Adams unfortunately left this planet before he was able to leave us with as impressive a collection of Gently stories as he did with the characters and world inHitchiker’s. He did manage to provide a template for others to work from with the stories he did leave behind though, and Chris Ryall does a great job adapting the character for the comic book page. The humor and wild elements of supernatural, fantasy, science fiction and mystical are all on display right off the bat, and like other great detectives throughout fiction Gently is a character that is malleable enough so a variety of authors can provide their own special take on him. While Ryall sticks pretty close to how Adams wrote him it will be interesting to see if he colors outside the lines in this world as this five-issue miniseries goes on.
As is the case with many Dirk Gently stories time is also interconnected, and we start in Ancient Egypt to set up just one of the many plotlines in this series. Two characters in the past strike an unknown deal that ends up with them reawakening as mummies in the present. But this is only a small part of the story, and also in the present we see Dirk stumble out of the cargo bay of an airplane in San Diego. He grabs a random bag that’s not his from among the pile of luggage because he feels like the contents of the bag are interconnected to whatever his next case may be. It turns out the bag belongs to a somewhat wholesome looking couple, who obviously are harboring a dark secret. Dirk randomly teams up with the owners of a detective-themed coffee shop who think he’s crazy, and there’s also a bit about the homeless people with golden cell phones. At the end of the day it will all be interconnected.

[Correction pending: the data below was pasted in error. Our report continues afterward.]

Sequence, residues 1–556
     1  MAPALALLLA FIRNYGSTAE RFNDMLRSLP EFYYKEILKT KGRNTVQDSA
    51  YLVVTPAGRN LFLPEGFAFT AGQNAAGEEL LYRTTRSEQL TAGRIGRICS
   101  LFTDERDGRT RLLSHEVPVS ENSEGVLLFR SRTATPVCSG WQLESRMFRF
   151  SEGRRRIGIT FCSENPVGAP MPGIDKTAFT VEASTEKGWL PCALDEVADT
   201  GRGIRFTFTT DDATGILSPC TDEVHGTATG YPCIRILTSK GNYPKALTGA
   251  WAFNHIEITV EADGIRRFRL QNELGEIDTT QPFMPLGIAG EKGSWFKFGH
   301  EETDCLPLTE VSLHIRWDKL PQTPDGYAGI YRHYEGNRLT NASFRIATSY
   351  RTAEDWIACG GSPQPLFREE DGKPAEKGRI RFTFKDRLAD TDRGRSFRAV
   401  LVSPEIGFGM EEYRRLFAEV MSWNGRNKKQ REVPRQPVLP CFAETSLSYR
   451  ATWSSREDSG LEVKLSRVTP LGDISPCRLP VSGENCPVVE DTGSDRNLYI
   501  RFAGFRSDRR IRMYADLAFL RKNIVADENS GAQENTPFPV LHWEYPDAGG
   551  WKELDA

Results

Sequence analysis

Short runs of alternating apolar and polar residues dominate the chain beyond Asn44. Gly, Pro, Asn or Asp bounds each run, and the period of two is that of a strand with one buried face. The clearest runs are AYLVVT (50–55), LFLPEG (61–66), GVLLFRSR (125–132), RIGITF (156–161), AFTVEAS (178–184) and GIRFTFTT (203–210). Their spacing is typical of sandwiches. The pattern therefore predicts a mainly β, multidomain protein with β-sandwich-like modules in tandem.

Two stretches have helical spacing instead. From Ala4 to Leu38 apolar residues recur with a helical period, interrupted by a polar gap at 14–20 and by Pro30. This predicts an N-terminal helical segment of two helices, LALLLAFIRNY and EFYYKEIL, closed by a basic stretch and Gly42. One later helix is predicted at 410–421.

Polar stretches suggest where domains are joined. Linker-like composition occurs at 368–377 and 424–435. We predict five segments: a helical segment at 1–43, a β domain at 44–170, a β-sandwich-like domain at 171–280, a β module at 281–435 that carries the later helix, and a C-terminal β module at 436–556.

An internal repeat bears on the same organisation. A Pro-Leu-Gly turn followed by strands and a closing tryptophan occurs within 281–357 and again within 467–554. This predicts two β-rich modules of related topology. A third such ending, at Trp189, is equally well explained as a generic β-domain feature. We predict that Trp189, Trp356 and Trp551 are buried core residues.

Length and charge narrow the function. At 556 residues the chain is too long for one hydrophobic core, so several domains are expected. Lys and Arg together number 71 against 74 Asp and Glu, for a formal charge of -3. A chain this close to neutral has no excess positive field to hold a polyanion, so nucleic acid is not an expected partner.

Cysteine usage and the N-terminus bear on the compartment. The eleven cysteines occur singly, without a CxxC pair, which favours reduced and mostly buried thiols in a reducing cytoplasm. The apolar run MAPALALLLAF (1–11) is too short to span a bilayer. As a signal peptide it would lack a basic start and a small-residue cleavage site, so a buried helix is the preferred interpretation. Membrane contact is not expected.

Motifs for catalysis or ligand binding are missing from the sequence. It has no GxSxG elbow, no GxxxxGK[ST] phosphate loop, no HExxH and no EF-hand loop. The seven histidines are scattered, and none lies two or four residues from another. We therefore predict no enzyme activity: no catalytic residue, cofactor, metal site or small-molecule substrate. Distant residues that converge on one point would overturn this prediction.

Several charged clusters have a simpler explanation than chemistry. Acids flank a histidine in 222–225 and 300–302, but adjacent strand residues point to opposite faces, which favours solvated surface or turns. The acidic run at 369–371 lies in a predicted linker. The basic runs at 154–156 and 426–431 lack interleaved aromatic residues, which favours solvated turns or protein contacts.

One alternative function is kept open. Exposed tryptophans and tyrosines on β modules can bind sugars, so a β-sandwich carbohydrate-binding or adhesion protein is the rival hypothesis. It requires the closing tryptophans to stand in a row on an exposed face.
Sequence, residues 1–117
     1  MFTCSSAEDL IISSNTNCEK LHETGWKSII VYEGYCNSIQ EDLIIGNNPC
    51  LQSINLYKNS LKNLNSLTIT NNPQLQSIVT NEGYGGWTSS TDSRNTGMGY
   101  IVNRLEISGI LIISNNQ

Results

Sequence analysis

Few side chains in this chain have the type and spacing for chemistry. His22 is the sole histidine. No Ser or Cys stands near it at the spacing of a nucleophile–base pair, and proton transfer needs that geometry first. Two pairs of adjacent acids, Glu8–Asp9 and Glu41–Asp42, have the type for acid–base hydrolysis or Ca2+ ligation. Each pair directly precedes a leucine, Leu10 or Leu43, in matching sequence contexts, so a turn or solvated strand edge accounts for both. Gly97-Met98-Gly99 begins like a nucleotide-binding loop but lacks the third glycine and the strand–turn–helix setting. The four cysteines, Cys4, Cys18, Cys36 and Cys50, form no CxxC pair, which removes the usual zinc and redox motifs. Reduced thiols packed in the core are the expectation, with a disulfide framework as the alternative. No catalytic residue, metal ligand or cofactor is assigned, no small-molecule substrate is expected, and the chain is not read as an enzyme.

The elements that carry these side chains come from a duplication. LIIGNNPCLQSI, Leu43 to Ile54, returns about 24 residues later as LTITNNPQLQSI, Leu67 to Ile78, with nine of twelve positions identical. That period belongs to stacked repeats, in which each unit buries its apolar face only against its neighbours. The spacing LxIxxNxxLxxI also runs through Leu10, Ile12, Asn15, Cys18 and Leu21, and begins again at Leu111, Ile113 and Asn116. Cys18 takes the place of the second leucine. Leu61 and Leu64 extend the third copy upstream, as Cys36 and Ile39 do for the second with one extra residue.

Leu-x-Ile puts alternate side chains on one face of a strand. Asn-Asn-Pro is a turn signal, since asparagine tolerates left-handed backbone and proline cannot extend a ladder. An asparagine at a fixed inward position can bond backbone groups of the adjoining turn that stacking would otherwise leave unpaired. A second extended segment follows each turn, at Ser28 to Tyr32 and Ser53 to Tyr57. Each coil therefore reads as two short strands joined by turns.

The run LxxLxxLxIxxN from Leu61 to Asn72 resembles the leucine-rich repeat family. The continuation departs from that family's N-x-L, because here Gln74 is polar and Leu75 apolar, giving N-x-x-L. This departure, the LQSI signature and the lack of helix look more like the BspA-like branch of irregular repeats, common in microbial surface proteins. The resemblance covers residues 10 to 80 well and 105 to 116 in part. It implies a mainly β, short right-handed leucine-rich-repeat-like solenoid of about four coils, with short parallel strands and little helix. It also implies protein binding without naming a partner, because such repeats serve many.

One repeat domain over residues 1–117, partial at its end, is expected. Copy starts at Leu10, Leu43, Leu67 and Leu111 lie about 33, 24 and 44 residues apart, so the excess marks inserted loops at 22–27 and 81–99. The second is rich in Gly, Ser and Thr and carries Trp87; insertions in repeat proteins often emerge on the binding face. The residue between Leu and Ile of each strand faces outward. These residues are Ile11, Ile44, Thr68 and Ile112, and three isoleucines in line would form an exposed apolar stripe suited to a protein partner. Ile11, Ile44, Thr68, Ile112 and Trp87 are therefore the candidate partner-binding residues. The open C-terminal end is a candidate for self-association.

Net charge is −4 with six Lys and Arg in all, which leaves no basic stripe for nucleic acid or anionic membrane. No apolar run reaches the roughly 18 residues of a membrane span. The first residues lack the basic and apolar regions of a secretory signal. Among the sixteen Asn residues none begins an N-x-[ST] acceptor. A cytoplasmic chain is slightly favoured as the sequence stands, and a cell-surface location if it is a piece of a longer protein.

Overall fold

The artwork by Tony Akins has a certain levity and cartoonish quality to it that’s appropriate for this series. While I pictured Dirk as heavier from the way Adams described him in the books I otherwise enjoy the visual design of the character for this series. It’s kind of a combination of David Tennant’s Doctor meets Elvis, with Gently’s unique detached demeanor rounding out the package. It’s like Sherlock Holmes minus all the observation rubbish, as Gently himself calls out Holmes as a fraud to his new coffee shop associates.
Dirk Gently’s Holistic Detective Agency #1 is a fun read that’s very true to the spirit of the late great Douglas Adams. Here’s hoping that this series will generate interest in more stories down the road. Much like with Sherlock Holmes there are many more Dirk Gently stories to tell, and many different ways to tell them. I’m eagerly awaiting the ride provided by this series, and I’m just going to follow the car that looks like it has a clear idea of where it’s going.